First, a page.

Jeremy Kilpatrick, who is the MAA's Governor-at-Large for Teacher Education, has won the Felix Klein Medal for 2007. He will receive the award at the International Congress on Mathematical Education (ICME 11), in Monterrey, Mexico, in early July.

MAA secretary Martha Siegel anticipates being at ICME and having a chance to shake Kilpatrick's hand to congratulate him. "I know you join me in celebrating his international fame," she said. "This is a very high honor and it is well deserved! We are very proud."

A professor of mathematics education at the University of Georgia, Kilpatrick is being recognized for his "more than forty years of sustained and distinguished lifetime achievement in mathematics education research and development," according to the citatation from the International Commission on Mathematical Instruction (ICMI). Kilpatrick's contribution to mathematics education—he calls it a "field of theory and practice"—has centered on his ability to reconcile its varying and conflicting aspects.

A characteristic feature of Jeremy Kilpatrick, says the ICMI award citation, is that he "has always embraced a very cosmopolitan perspective on mathematics education." He has worked in Brazil, Colombia, El Salvador, Italy, New Zealand, Singapore, South Africa, Spain, Sweden, and Thailand.

Kilpatrick has written about problem solving, the history of research in mathematics education, teachers' proficiency, curriculum change and its history, and assessment. He co-edited the following: *Soviet Studies in the Psychology and Teaching of Mathematics* (1969-1975); the *Proceedings of the Fourth International Congress on Mathematical Education* (1983); the *International Handbook of Mathematics Education* (1996); the *Second International Handbook of Mathematics Education* (2003); the ICMI study *Mathematics Education as a Research Domain* (1998); *Adding It Up* (2001); *A Research Companion to Principles and Standards for School Mathematics* (2003); *A History of School Mathematics* (2003); and *Meaning in Mathematics Education* (2005). Kilpatrick also served as editor of the *Journal for Research in Mathematics Education* (1982-1988).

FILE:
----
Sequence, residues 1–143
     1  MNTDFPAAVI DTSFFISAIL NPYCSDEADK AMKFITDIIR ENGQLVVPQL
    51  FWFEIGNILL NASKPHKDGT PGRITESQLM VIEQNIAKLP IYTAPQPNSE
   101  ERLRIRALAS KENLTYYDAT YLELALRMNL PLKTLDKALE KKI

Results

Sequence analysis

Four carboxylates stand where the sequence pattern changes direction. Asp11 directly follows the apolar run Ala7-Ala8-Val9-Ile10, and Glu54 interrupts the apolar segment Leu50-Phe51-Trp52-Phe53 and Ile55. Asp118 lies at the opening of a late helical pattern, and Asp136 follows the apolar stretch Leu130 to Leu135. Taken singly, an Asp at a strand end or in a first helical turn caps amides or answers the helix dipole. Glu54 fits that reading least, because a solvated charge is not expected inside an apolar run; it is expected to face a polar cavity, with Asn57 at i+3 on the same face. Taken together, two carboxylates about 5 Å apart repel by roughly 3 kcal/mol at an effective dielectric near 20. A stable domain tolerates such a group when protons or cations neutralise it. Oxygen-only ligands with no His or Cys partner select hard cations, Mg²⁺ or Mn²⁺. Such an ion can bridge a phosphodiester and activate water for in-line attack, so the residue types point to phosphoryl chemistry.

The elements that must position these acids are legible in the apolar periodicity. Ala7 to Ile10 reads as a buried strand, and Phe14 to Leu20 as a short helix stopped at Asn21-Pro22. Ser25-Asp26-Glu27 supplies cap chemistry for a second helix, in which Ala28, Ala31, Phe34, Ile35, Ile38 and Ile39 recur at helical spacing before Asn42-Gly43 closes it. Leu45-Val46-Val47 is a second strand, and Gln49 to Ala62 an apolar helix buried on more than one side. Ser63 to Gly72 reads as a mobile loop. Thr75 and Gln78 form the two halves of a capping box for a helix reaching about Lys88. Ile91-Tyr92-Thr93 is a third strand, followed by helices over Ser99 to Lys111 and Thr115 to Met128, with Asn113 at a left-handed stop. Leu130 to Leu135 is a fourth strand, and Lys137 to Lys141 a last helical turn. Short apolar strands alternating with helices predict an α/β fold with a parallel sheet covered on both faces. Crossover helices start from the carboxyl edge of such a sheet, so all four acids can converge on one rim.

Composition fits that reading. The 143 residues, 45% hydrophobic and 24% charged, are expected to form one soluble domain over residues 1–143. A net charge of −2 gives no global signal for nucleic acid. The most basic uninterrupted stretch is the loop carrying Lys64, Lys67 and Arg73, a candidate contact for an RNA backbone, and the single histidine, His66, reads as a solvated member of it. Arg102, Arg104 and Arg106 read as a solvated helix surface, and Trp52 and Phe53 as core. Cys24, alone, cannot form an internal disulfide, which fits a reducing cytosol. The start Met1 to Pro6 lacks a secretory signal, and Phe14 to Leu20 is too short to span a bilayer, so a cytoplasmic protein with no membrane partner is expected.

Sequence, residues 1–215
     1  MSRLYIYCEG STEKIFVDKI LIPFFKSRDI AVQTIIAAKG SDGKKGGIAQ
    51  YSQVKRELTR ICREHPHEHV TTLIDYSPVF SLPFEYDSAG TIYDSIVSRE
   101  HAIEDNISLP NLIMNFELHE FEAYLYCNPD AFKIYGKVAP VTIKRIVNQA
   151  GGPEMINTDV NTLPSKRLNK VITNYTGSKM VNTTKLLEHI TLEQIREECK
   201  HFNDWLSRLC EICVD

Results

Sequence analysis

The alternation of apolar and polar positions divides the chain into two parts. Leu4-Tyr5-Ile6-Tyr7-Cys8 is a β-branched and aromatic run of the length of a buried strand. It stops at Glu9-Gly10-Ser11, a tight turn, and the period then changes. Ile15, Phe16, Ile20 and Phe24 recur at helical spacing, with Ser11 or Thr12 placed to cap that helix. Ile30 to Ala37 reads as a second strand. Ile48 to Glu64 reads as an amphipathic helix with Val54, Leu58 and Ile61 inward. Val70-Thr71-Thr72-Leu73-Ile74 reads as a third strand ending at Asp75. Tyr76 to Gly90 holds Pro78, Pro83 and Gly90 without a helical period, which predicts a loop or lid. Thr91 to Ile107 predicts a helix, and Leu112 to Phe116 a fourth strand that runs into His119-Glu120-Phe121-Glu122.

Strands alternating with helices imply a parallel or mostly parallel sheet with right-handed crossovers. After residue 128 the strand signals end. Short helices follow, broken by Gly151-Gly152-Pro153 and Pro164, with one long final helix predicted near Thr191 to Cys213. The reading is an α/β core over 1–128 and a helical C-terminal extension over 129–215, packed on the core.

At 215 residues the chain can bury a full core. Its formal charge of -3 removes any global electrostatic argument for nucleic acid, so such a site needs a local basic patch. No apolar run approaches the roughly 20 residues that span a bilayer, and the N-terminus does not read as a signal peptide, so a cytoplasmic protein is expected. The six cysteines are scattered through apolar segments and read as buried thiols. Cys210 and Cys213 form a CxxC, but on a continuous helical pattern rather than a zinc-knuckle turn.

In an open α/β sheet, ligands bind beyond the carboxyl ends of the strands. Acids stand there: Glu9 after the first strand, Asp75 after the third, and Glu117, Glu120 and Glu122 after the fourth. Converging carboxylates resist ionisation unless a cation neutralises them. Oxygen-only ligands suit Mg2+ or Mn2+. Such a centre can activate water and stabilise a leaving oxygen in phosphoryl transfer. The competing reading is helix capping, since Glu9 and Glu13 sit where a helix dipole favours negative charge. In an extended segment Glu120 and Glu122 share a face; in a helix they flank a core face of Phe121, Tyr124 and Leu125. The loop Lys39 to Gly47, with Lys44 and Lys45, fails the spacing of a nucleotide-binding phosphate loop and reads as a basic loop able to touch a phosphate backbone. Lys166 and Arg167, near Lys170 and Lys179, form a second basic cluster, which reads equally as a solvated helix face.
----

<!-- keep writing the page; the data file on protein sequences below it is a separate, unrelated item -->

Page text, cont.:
Kilpatrick's service to mathematics education has included terms on the Executive Committee of the International Commission on Mathematical Instruction. From 1991-1998 he was an ICMI Vice President. He was a charter member of the U.S. Mathematical Sciences Education Board (1985-1986), on which he now serves again. He has served on committees and boards of the MAA, AERA, the College Board, the Educational Testing Service, the NCTM, NAEP, the National Academy of Education, the National Research Council, and the National Science Foundation.

Kilpatrick earned an A.B. in mathematics from the University of California, Berkeley in 1956, then an M.A. in education in 1960 while teaching mathematics in a junior high school. At Stanford University, he worked with Ed Begle and George Pólya during the years 1962-1967 as a Research Assistant in the School Mathematics Study Group. After earning an M.S. in mathematics (1962), a Ph.D. in mathematics education (1967), and teaching (1967-1975) at Teachers College, Columbia University, Kilpatrick joined the University of Georgia, in Athens, as a Professor of Mathematics Education, in 1975.

The Felix Klein medal, named for the famous mathematician and first president of ICMI (1908-1920), honors a lifetime of achievement in mathematics education research. It has been handed out every two years, starting in 2003. Awardees receive a medal and certificate and are invited to speak at ICME.